2020 US Election: Biden is President-elect, here’s what it means for real estate investors and rental properties

With votes still being counted in some states, Biden has secured the minimum 270 electoral votes required to win the 2020 US Presidential election. Below is our analysis and insights into how we predict the residential housing market, including rental properties and rental owners, will be affected going into 2021.

New administration prioritizes four major focus areas

While it is anticipated the Trump administration will try to block Biden and impact a smooth transition of power, this President-elect has been in the White House before. While we do not expect to see sweeping changes in legislation, we will most likely see a focus on ‘normalcy’ in governance.

President-elect Joe Biden and Vice President-elect Kamala Harris have already been busy with transition plans for their January 20, 2021 start date. The Biden team updated its website (buildbackbetter.com) to showcase four policy areas the incoming administration will prioritize:

  1. COVID-19. (Biden has already announced “transition advisers” to create a blueprint to address the coronavirus pandemic.)
  2. Economic recovery.
  3. Racial equity.
  4. Climate change.

The general consensus is a Biden presidency will focus on providing affordable housing and reducing wealth gaps, with financial assistance, incentives and legislation to help Americans buy or rent houses. There will be a push on housing matters through addressing the above four policy areas.

Split of legislative power may present extra resistance for pushing through policy changes

Passing legislation will play a large role in whether the Biden administration will be able to push forward its initiatives. With slim margins on all fronts, political gridlock in all levels of government may prevent many initiatives from coming forward.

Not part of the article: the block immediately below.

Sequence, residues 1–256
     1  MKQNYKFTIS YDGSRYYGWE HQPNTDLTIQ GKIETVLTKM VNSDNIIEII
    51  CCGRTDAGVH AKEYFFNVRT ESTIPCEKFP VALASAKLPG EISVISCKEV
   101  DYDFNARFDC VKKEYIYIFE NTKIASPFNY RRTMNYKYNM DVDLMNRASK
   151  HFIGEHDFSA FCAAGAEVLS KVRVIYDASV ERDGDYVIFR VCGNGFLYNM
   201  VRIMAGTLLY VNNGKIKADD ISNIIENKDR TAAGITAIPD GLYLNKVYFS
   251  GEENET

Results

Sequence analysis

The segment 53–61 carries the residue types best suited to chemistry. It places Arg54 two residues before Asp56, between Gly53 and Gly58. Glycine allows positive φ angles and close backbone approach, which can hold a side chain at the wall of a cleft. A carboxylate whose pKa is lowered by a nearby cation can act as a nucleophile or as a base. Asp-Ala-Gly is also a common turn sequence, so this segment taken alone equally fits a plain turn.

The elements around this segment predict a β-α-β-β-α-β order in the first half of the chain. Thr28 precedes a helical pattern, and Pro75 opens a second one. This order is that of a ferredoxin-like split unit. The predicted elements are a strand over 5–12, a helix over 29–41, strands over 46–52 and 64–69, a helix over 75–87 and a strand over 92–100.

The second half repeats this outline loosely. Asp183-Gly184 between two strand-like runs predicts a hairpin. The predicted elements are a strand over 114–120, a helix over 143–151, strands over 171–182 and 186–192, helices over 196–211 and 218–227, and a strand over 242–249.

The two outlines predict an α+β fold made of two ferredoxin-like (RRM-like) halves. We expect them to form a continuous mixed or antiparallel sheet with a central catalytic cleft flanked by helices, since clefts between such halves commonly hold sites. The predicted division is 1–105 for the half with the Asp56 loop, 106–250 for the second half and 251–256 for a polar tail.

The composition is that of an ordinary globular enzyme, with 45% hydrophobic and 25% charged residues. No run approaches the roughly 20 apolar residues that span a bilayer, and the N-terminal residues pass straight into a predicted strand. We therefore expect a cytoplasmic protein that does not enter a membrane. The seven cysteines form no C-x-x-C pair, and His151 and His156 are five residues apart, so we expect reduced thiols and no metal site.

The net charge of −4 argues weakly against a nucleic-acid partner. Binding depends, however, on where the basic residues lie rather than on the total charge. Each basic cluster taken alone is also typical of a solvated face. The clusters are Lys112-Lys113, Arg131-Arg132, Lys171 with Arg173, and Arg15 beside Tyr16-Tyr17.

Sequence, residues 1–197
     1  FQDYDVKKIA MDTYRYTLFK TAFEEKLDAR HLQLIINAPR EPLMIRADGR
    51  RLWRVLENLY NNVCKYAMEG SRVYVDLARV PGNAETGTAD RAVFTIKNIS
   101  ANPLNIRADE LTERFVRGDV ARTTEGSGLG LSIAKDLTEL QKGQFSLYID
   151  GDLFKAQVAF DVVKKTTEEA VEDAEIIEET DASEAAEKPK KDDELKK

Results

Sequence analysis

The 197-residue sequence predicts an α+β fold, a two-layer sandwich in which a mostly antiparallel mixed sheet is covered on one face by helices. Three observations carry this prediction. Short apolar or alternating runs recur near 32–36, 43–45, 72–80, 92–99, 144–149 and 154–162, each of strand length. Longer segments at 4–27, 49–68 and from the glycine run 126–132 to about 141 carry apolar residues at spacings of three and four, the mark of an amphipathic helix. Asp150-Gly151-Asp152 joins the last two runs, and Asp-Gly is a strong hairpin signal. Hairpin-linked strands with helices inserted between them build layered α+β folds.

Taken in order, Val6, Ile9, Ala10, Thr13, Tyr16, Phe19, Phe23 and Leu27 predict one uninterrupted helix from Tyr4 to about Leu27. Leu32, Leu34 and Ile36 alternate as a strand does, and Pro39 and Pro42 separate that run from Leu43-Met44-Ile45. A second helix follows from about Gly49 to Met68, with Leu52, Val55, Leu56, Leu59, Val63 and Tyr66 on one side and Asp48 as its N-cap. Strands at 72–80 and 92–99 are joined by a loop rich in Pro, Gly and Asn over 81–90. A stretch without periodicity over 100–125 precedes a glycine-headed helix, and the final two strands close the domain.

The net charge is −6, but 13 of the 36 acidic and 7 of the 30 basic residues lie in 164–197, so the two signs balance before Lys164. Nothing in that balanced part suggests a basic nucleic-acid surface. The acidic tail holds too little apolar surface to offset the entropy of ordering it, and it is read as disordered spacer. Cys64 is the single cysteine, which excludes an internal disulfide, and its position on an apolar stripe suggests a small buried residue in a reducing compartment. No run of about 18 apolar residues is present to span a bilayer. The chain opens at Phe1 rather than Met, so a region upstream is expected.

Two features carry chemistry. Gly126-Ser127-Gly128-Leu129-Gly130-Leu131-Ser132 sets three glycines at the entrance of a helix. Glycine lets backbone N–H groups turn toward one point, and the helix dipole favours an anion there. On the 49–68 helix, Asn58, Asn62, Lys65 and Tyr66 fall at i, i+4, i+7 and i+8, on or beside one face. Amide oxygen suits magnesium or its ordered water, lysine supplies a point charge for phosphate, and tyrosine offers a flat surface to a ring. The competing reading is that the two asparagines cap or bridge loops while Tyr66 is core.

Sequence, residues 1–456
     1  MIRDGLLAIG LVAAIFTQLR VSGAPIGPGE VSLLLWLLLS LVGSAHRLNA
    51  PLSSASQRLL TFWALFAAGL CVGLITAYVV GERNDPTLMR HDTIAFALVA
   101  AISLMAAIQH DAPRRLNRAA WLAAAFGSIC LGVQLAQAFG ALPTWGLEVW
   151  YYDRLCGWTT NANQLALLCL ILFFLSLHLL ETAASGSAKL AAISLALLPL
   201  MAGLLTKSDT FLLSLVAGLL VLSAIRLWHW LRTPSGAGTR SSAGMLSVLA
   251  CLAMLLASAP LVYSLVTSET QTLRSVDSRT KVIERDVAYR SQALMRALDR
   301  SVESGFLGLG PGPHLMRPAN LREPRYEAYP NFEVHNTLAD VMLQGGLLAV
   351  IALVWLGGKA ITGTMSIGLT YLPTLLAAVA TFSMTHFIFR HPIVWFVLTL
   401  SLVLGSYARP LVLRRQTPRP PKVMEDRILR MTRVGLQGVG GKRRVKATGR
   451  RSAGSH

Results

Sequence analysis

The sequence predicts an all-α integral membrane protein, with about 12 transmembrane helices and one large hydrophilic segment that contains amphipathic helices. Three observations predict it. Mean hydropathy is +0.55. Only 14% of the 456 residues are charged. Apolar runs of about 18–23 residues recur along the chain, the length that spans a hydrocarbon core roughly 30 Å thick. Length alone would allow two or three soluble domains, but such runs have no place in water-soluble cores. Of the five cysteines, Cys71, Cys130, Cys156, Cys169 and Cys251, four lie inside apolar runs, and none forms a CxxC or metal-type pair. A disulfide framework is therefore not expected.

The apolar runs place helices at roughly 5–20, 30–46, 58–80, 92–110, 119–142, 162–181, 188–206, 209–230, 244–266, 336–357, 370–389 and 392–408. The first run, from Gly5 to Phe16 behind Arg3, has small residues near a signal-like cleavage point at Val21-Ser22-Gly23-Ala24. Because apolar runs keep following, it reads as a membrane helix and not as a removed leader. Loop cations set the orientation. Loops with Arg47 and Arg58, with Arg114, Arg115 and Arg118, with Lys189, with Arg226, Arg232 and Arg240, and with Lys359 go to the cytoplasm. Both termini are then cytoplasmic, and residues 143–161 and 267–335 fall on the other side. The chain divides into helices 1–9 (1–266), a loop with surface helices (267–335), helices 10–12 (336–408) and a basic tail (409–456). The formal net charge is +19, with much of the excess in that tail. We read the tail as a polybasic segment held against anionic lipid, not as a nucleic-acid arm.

Republican Senate Majority

The White House will have limited power with a Republican Senate majority and specifically, the reputation of Senate majority leader Mitch McConnell to contend with. Senator McConnell has an obstructionist record under Obama where he opposed and blocked Democrative legislation, including nominations for administrative positions (cabinet secretaries, district court judges, and US attorneys). His recent support of President Trump’s legal challenges, saying that Trump is “100 percent within his right” to pursue recounts and litigation, may be a foretelling of things to come.

However, the history between Senator McConnell and President-elect Biden indicates it may not cause the constitutional crisis we may think. We have two years left with McConnell and two Senate run-off races in Georgia on January 5th which could bring about a 50-50 tie in the chamber. Most likely however, the Senate will remain split with a 51-49 Republican lean. With many moderate Republicans in the Senate, according to some sources, Biden may be able to sell on infrastructure-building legislation, as long as it is not sold as green investment.

US Senate election results as of November 9th

Source: Washington Post

Democratic House Majority

Also a close race, having a Democratic majority now does not mean it will stay that way. How well the new administration’s policies are received may very well impact the House distribution in 2022 and could very well result in a flip of power.

US House elections results as of November 9th

Source: Washington Post

Implications for the Real Estate Industry, Rental Properties and Investors

Tax changes will inevitably change real estate investing behavior

A Biden win and Democratic control of Congress most likely means a shifting tax landscape in many areas. During the campaign in July, Biden unveiled a 10 year, $775 billion plan to fund universal childcare and in-home elder care that would be paid for by taxing real estate investors. This will most likely impact 1031 like-kind exchanges, where investors have been allowed to defer paying taxes on the sale of real estate in the capital gains are reinvested in another property.

Tax increases will hit the upper end of the earning spectrum, including:

  • Top rate on ordinary income. Tax rate for singles earning more than $520,000 and married couples earning more than $620,000 per year.
  • Long-term capital gains. Capital gains for taxpayers earning more than $1 million per year.
  • Payroll taxes. Social Security back on payroll taxes greater than $400,000 (already applied on wages earned up to $137,700).
  • Itemized deductions. Phased out for those earning more than $400,000 per year.

For housing specifically, Biden has pledged $640 billion in investments over the next 10 years. His website claims this will be paid for by raising taxes on corporations and large financial institutions.

Specifically,

  • approximately $300 billion of the housing plan is devoted to new construction and is encompassed in the $1.3 trillion infrastructure plan.